This summer, I will be an Au Pair for a family in Spain. Last semester and up until my Christmas vacation, I hadn’t even thought about travelling abroad in a different country and living with a new family. But, as I returned back to school and started thinking about my possibilities for the summer, I realized that I wanted to experience something new. Every summer up until this point, I have done relatively the same things – I go to the beach with friends and family, go camping, and just spend time with my family. And, although these things truly elevate my soul, I thought it was time for me to force myself out of my comfort zone yet again and broaden my vision of reality.
As a college student, I have learned much from different experiences. I have learned how to live (almost) completely on my own, how to apply for a debit card, how to email professors, how to take care of my health, and how to better manage my time. These experiences have helped broaden both my own capabilities and my vision of the world. Experience, thus, was the driving force in my determination to live abroad. I had hoped that this experience would teach me more life lessons, as well as aid in my Spanish fluency.
As someone rather proud of my independence, I initially researched my plans on my own. I found a website online which helps connect Au pairs with families (aupairworld.com). Once I had limited down my search to three families, I told my parents. They were very excited for me. Both my parents had travelled much during their early twenties, and they saw the learning opportunities for me through this experience. However, although they were happy for me, they both expressed their sadness that I would not be home during the summer. This was one aspect I altogether hadn’t considered. I only looked at the experience for its excitement and positive consequences. Bringing in this whole new factor made the trip much more serious than I had perceived it. Nevertheless, my determination for more experiences did not deter.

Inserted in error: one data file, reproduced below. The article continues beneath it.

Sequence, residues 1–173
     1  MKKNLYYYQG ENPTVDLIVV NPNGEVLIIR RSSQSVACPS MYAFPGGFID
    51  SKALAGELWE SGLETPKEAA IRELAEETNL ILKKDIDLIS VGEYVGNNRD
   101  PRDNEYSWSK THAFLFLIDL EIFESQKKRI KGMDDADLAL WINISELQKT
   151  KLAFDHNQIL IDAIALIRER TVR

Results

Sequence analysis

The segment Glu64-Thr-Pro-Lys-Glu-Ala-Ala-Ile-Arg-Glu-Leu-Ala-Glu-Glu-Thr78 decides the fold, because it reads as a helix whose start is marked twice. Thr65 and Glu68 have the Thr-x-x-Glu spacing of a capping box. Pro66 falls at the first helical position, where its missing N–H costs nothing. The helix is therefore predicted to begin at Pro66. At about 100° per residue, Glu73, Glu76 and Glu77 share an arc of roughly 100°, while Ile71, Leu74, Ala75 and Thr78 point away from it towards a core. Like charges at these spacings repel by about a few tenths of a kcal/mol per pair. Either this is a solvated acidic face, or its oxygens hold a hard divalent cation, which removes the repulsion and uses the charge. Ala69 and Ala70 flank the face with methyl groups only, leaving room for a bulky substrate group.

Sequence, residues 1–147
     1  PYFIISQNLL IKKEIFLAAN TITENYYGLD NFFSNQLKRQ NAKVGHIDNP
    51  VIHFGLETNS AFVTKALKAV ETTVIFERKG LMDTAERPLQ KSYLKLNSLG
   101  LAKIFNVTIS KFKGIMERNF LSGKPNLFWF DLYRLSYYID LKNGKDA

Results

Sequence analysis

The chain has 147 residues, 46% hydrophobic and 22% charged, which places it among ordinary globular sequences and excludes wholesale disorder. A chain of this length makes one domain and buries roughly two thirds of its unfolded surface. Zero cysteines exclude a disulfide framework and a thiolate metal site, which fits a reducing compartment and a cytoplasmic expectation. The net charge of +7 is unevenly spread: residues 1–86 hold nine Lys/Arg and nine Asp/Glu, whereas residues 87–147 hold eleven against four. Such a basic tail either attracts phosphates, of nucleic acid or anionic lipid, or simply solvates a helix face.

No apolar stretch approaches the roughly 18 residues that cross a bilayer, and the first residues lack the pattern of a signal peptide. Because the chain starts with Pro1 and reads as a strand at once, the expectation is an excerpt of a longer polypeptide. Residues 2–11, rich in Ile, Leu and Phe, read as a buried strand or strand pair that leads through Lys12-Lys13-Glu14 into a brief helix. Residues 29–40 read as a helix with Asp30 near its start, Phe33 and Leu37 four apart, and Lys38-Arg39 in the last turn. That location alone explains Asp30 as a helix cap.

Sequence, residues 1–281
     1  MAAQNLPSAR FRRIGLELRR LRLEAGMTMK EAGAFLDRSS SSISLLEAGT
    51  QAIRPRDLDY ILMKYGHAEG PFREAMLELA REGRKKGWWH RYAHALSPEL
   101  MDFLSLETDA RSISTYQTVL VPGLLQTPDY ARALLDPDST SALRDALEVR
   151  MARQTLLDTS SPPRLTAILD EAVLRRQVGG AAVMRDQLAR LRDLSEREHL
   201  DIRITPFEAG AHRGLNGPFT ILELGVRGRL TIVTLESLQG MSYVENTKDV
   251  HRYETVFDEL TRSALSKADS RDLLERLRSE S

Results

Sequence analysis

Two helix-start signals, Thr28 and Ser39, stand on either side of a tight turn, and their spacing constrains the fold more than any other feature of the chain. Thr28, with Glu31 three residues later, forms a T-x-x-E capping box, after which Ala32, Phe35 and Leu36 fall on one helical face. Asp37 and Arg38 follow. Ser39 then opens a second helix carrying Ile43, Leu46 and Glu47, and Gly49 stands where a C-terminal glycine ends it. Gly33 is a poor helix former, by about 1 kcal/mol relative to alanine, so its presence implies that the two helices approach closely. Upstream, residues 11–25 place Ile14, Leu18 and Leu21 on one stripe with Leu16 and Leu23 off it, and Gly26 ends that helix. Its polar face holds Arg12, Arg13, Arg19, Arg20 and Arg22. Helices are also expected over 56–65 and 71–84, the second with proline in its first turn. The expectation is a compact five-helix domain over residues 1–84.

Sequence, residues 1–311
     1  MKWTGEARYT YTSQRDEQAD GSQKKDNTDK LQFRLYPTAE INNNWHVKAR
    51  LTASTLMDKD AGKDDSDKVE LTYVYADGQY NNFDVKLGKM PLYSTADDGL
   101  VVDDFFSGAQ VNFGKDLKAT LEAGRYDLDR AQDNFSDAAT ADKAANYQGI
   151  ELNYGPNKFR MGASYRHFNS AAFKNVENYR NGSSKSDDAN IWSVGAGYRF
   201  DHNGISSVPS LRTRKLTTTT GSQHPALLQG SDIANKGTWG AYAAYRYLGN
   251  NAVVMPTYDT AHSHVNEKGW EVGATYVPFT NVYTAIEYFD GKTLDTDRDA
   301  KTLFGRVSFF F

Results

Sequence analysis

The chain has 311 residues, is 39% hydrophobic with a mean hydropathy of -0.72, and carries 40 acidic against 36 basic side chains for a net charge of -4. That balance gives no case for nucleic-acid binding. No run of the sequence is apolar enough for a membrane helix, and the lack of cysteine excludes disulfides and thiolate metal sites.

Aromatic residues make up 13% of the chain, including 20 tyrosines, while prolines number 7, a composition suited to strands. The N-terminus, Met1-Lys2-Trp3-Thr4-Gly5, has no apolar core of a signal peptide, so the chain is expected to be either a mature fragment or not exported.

With the help of my parents, and intervention from the man upstairs, I found a great family for me. I had skyped numerous times, introduced the parents of the family to my parents, and felt confident in my decision. Both families were delighted to meet each other, and the calmness visible in my dad’s eyes upon speaking with the family reassured me in my plans.
I have already learned much in my preparations for Spain. The most important things I have learned so far have been through experience. From my applications for my passports, to planning out my flight patterns, I have had to spend much more time and thought than I had initially expected. I have also learned to be a little less intimidated by government processes. By going into the post-office, the Czech consulate, and AAA office, I have realized that there are people behind the labels of institutions who usually are much less intimidating in reality than it would seem.
Through these experiences, and through my parent's allowance to let me have these experiences, I have grown.
Starting in mid-May, I will write about my experiences in Spain (as well as my flight with a Russian airline).
Jessica De Gree
Jessica teaches English as a second language in Spain and plays basketball professionally there. She recently received her Bachelor's degree from Hillsdale College, one of the nation's top Liberal Arts schools in MI. At Hillsdale, she played basketball and studied English and Spanish. Some of her hobbies include reading, writing, painting, surfing, and playing the piano.